After unveiling a fully autonomous compact track loader in 2017 and proving that the machine could work on jobsites, earthmoving contractors started to reach out to Built Robotics with interest of how the company’s technology could make their lives easier.
Built founder and CEO Noah Ready-Campbell says the interest came as a natural point of progression for the company. After raising more money from investors, the San Francisco-based startup started working on developing its technology for larger earthmoving machines.
Developed as an answer to the worsening shortage of skilled equipment operators in the U.S., Built is bringing full machine autonomy to bulldozers and excavators.
“If you unpack the labor shortage is it’s a pipeline problem. Guys are retiring as operators and there’s not enough new people coming into the industry,” Ready-Campbell says. The goal is to build robotic heavy equipment that can handle easier earthmoving tasks, freeing up experienced operators to handle more challenging ones around the jobsite, he says.
“We’ve got a test fleet now of about eight machines,” Ready-Campbell says. “Soon we’ll be up to about 10 and that’s kind of our R&D fleet.”
That R&D fleet is made up of various models from different manufacturers. Rather than partner with one heavy equipment manufacturer or attempt to develop its very own machines, Built’s business model will be selling an aftermarket kit that, once installed, can turn just about any modern CTL, dozer, or excavator into an earthmoving robot. You can see the brain of the kit sitting atop each machine in the photos within this post.
”From the very beginning we knew it was critical for our technology to be manufacturer agnostic,” Ready-Campbell says. As of right now, Built has identified about 1,000 pieces of heavy equipment in its customers’ fleets “that make sense for our technology.”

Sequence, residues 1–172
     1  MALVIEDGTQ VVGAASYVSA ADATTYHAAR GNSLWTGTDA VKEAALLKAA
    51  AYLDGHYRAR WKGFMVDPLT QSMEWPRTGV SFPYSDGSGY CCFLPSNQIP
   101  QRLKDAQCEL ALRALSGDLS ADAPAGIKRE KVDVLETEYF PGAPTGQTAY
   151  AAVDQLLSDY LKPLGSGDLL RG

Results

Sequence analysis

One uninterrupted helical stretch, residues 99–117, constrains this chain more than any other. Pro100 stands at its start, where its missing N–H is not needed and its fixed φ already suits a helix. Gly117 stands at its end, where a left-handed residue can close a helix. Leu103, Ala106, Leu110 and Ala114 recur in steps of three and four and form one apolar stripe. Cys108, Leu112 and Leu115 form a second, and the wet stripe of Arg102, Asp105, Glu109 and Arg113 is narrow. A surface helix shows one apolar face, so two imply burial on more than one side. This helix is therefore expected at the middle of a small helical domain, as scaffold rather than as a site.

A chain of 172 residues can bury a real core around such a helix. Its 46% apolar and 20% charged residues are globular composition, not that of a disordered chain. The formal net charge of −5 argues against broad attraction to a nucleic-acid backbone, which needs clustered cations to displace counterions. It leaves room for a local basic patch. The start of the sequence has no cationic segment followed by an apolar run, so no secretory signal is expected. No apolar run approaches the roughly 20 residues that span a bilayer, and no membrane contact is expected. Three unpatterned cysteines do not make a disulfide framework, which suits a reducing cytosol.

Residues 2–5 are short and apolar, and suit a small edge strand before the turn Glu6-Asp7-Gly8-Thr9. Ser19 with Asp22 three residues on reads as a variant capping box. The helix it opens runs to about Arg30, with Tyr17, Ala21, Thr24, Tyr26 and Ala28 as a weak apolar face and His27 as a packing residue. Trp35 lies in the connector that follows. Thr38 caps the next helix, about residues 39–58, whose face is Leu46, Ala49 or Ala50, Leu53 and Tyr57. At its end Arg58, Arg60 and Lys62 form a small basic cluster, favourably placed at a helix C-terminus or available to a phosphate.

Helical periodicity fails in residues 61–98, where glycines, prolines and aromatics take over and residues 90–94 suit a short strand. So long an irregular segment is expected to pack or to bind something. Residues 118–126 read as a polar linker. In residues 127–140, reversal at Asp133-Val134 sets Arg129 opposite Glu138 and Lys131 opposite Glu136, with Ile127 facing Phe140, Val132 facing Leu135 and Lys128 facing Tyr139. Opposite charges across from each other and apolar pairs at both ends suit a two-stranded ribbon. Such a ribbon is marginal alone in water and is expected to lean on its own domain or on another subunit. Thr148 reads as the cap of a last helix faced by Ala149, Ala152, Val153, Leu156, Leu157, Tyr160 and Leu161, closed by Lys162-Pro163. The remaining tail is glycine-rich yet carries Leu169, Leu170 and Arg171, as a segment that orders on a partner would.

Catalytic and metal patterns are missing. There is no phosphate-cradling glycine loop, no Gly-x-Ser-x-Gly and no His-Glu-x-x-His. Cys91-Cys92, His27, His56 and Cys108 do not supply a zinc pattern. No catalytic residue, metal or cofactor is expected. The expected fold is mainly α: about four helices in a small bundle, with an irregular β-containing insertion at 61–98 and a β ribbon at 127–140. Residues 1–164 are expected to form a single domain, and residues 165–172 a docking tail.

Levels of autonomy
With an aftermarket kit, Built is taking a similar path as companies like Topcon, Trimble and Leica. When asked how much in common Built’s fully autonomous system has with something like semi-automatic machine control, Ready-Campbell says while some basic concepts and sensors are shared, “our technology stack and architecture is all custom engineering work.”
“If you look at the capabilities of machine control systems, they are an accelerator and they absolutely allow a less-experienced operator to do more,” Ready-Campbell says. “But they’re still limited.”
He mentions the SAE International levels of autonomy, where Level 0 is a regular car and Level 5 is a self-driving car that operates in all conditions as well as a human driver. He says Built views the semi-auto machine control found on today’s heavy equipment as being comparable to Level 2 autonomy in the car world, which refers to cars and trucks with adaptive cruise control that both controls acceleration and braking while also providing lane centering.
“We view what we’re working on as Levels 4 and 5,” he says. Today’s semi-auto machine control, Ready-Campbell says, ” can help you, but the machine is not going to figure out the overall strategy.
“…Most operators that I’ve talked to don’t use machine control until they get down to finish grade. It’s just too slow at moving dirt, so they tend to prefer to go full manual until the end.”
Ready-Campbell draws another distinction between his company and the giants of machine control: Built, with the help of its investors, is doing everything on its own. Without longstanding business relationships and corporate partnerships, Built has had to buy its own machines and figure out how to make its system fit into what engineers at Cat, Komatsu and other companies have already put in place.
“It’s definitely harder from a technology standpoint because nobody gives you the blueprint. You just have to tear [into the equipment] and figure it out,” he says. “When you’re a little company, you don’t have this massive business development organization. Nobody knows us. We have to be much more scrappy. We learn a lot about the equipment we buy. We talk to our customers. We go out to dealers and get in and run it, and we have to make decisions about what we want to do. It’s a bottom-up approach.”
Up to this point, the company has only installed its autonomy kits on machines it owns. But in the coming weeks, Built will do its first kit installation of a machine owned by a customer. “And that’s something that’s going to be happening more and more though the end of the year,” Ready-Campbell says. “And next year is when we’re really going to knock it out of the park in terms of deployment.”